The Extended Summer
Summer has returned this week and T-shirts, casual gaits, parasols and sunhats are the order of the day among Bath’s many visitors. Our ceiling fans are working overtime to keep art-viewers cool. This weekend we will be having our first opening of Autumn, so why not come along between 6 and 8 p.m. and have a cool glass of prosecco before either1. Watching England’s inaugral match of the Rugby World Cup, or 2. sitting outside in the garden watching the Indian summer evening slowly fade….
Being too warm the old lady said to meis better than being too cold I think now in between is the best because you never give it a thought but it goes by too fast I remember the winter how cold it got I could never get warm wherever I was but I don’t remember the summer heat like that only the long days the breathing of the trees the evenings with the hens still talking in the lane and the light getting longer in the valley the sound of a ball from down there somewhere I can sit here now still listening to it. Remembering Summer by W S Merwin
The Art of Silence
11 September to 7 October Opening on 9 September 6-8 p.m.
Jo Barrett, Alex Callaway, Comhghall Casey, Mark Entwisle, Nathan Ford, Atsuko Fujii, Katherine Jackson, Jennifer McRae, Rob Pittam, Harriet Porter, Helen Simmonds, Lotta Teale, Estelle Vera, Simon Wright.
At first I was lonely, but then I wascurious. The original fault was that I could not see the lines of things. My mother could. She could see shapes and lines and shadows, but all I could see was memory, what had been done to the object before it was placed on the coffee table or the nightstand. I could sense that it had a life underneath it. Because of this, I thought I was perhaps bad at seeing. Even color was not color, but a mood. The lamp was sullen, a candlestick brooding and rude with its old wax crumbling at its edges, not flame, not a promise of flame. How was I supposed to feel then? About moving in the world? How could I touch anything or anyone without the weight of all of time shifting through us? I was not, or I did not think I was, making up stories; it was how the world was, or rather it is how the world is. I’ve only now become better at pretending that there are edges, boundaries, that if I touch something it cannot always touch me back. The Endlessness by Ada limon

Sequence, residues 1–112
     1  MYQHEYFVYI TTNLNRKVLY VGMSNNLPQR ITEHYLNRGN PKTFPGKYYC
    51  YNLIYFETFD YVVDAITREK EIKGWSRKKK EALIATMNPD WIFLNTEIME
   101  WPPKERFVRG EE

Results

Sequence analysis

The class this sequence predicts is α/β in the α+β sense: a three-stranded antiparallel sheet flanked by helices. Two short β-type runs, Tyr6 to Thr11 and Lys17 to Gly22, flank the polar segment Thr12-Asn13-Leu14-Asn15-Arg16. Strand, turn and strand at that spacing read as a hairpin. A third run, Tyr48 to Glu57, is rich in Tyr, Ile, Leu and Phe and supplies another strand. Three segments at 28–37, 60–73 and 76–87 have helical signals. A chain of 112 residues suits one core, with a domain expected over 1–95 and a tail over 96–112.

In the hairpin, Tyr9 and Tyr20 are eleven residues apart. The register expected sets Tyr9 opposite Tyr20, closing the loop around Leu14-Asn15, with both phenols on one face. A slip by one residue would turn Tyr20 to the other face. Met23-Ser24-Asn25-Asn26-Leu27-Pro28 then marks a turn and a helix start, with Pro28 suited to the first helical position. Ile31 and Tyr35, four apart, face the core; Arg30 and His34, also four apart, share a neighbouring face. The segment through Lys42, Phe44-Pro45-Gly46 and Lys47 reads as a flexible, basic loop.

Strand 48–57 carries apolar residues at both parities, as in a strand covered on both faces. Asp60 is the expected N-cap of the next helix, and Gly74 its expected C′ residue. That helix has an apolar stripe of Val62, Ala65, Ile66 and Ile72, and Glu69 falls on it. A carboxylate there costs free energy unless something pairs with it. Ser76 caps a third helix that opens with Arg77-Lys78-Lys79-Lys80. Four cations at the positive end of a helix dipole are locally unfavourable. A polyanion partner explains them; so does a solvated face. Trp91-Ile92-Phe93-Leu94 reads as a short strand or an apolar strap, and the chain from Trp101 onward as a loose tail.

We are so pleased to be hosting another exhibition of Jack Doherty’s distinctive porcelain forms. Jack will be here on Saturday so if you are able, come and meet the man himself. I love the variegated colouring in this Guardian vessel.
Jack’s work explores the ancient layers of cultural resonance embedded within archetypal forms. The porcelain vessels are thrown then carved and shaped reflecting the fluidity of the material and physicality of making. The elemental colour and surface texture are created by the fusion of fire and soda in the intense heat of the kiln, leaving behind a subtle palette of charcoal, russet and turquoise. On many levels, the pots are figurative; each has its own character, particular emotional range and response.
Born in Co Derry, Jack trained in Ceramics at the Ulster College of Art and Design, Belfast. He worked at Kilkenny Design Workshops before establishing his first studio in Co. Armagh and then in Herefordshire. Jack moved to Cornwall in 2008 to take up the role as Lead Potter at the restored Leach Pottery setting up the new production studio. During the five years in post there he designed a successful range of functional ware which respected the ethic and history of the pottery but which also had its place in a contemporary market. In the Gallery space he curated a series of ceramic exhibitions illustrating the development of studio ceramic practice showcasing work by leading potters in both a historical and contemporary context.
Jack’s pots have been exhibited extensively both in the UK and internationally. He was Chair of the Craft Potters’ Association for 10 years, a founder and current Chair of Ceramic Art London and from 2008 – 2013, and is the first Lead Potter and Creative Director of the Leach Pottery. Jack’s work was short-listed for the prestigious Loewe prize in 2020.
11 September to 7 October . Opening on 9 September 6-8 p.m.
The new paintings on the wall include four new moments of stillness in egg tempera by Japanese artist Atsuko Fujii:
When sorrow lays us lowfor a second we are saved by humble windfalls of the mindfulness or memory: The taste of a fruit, the taste of water, that face given back to us by a dream, the first jasmine of November, the endless yearning of the compass, a book we thought was lost, the throb of a hexameter, the slight key that opens a house to us, the smell of a library, or of sandalwood, the former name of a street, the colors of a map, an unforeseen etymology, the smoothness of a filed fingernail, the date we were looking for, the twelve dark bell-strokes, tolling as we count, a sudden physical pain. Eight million Shinto deities travel secretly throughout the earth. Those modest gods touch us — touch us and move on. Shinto by Jorge Luis Borges
Come and join us on Saturday ! – Jack Doherty and Helen Simmonds will be here to share a cold glass or two.Thank you as always for reading. Please click on the images above for links to webpages. Contact the gallery by phone or email to purchase, or for any further information. We ship worldwide. Best wishes, Aidan.